Cora Cavanagh Cushny

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Cora Cavanagh Cushny, noted Long Island horsewoman, passed peacefully at her home in Lexington, KY, on May 26, 2016. She was born November 14, 1932, to James F. and Elise Burns Cavanaugh of Glen Head and was deeply involved in horse showing, fox hunting and three-day eventing throughout her life.

Cora started riding ponies in horse shows at a young age and showed as a junior in equitation and hunter classes in the top horse shows of the time, including Piping Rock Horse Show and the National Horse Show at Madison Square Garden. In the early 1960s she bought a small mare, Sight Unseen, that she boarded at the Piping Rock Stables with Mike McDermott, who developed Sight Unseen into one of the top junior hunters of the decade.
Ridden by Sheila Maloney, Sight Unseen was the American Horse Shows Association Junior Hunter Horse of the Year in 1963 and 1964, and was the Long Island champion or reserve champion Junior Hunter from 1962 to through 1966, and again in 1969 when ridden by Cora’s son, Van.

Cora’s involvement with horse shows extended far beyond just competing in them, she also ran several horse shows on Long Island and judged and stewarded horse shows all over the country.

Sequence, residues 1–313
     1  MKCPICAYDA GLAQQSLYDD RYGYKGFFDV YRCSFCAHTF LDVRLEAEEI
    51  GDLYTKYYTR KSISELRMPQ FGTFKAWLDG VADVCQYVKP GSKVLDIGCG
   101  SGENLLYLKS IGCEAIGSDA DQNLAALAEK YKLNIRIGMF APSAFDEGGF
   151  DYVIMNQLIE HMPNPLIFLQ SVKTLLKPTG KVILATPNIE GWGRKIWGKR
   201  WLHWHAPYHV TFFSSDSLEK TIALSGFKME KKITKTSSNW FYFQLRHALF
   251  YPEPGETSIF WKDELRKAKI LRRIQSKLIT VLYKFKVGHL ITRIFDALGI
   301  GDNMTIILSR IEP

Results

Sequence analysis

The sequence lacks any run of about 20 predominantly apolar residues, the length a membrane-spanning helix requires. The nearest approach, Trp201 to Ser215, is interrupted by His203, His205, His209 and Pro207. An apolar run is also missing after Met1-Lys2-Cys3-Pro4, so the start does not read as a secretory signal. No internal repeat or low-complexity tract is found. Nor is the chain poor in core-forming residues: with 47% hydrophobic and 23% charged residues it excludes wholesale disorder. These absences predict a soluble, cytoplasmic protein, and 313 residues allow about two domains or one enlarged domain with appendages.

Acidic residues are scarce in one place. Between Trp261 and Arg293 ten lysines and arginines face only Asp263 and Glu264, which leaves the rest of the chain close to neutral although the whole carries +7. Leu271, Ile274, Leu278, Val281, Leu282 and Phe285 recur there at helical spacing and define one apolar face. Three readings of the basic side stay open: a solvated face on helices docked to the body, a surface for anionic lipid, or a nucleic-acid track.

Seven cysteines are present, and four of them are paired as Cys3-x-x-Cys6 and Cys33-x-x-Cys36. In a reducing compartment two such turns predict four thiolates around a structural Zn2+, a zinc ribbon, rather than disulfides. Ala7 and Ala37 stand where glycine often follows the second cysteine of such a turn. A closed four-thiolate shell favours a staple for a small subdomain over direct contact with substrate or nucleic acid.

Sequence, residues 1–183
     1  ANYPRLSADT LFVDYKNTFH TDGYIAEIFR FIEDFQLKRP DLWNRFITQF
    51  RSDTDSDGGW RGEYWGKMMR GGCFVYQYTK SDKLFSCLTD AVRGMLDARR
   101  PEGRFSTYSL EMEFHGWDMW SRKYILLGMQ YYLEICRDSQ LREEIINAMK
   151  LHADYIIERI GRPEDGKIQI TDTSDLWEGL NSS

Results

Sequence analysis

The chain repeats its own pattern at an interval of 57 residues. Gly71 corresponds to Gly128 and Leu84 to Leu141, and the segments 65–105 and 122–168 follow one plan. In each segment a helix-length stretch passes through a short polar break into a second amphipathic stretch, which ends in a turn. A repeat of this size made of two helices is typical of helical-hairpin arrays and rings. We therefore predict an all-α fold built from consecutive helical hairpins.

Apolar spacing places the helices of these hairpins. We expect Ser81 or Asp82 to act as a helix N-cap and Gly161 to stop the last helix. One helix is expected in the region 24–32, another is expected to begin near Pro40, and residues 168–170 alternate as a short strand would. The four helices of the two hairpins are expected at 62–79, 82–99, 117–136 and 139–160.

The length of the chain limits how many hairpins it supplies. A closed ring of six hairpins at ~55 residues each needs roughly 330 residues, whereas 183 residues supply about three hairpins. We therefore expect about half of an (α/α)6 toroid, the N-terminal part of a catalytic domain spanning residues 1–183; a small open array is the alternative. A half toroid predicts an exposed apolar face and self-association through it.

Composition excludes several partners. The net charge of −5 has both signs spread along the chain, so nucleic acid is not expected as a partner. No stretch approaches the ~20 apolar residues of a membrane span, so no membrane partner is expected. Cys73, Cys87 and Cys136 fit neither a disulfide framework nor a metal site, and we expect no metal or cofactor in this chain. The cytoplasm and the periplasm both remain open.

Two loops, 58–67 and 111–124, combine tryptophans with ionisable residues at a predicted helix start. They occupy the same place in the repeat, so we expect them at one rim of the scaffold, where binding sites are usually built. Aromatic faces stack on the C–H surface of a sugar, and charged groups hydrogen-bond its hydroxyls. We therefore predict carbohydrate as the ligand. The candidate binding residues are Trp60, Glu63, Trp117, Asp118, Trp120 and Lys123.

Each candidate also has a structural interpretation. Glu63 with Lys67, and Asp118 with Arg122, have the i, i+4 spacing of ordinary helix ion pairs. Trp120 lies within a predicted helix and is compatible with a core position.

In the ’50s, ’60s and ’70s, Cora ran the Helping Hand Horse Show at the Grace estate in Old Westbury, the Vixen Horse Show held at the McLintock estate in Upper Brookville and Meadow Brook Horse Show, held at the Hickox estate in Old Westbury. All of the proceeds from her horse shows were donated to the United States Equestrian Team. Cora was a member of the Advisory Committee of the United States Equestrian Team from 1964 to 1988.

Cora also served as a director, vice president and secretary of the Piping Rock Horse Show. The Piping Rock Horse Show was a four-day “A” rated show held at Piping Rock Club and was similar in stature, and held on the dates currently occupied by, the Hampton Classic.
Cora judged and stewarded prominent horse shows such a Devon, Ox Ridge, Fairfield and Warrenton, as well as the National Horse Show at Madison Square Garden, where she judged both the Medal and Maclay Hunter Seat Equitation National Finals in 1964, 1966 and 1967. In 1999, Cora was honored as one of the Living Legends of the National Horse Show.

Beginning in 1983, Cora served on the American Horse Show Association Hearing Committee, which ruled on appeals filed by competitors, and was elected chairman of the Hearing Committee in 1997, a position that she held until she retired in 2013.

Fox hunting with the Meadow Brook Hounds was one of Cora’s great passions. Her intense involvement with the hunt began at a young age, when she could be found in the hunt field on her pony, Bric-a-Brack, and continued in the ’50s and ’60s when she served as whipper-in, secretary and ultimately Master of Foxhounds, a position that she held from 1967 to 1971.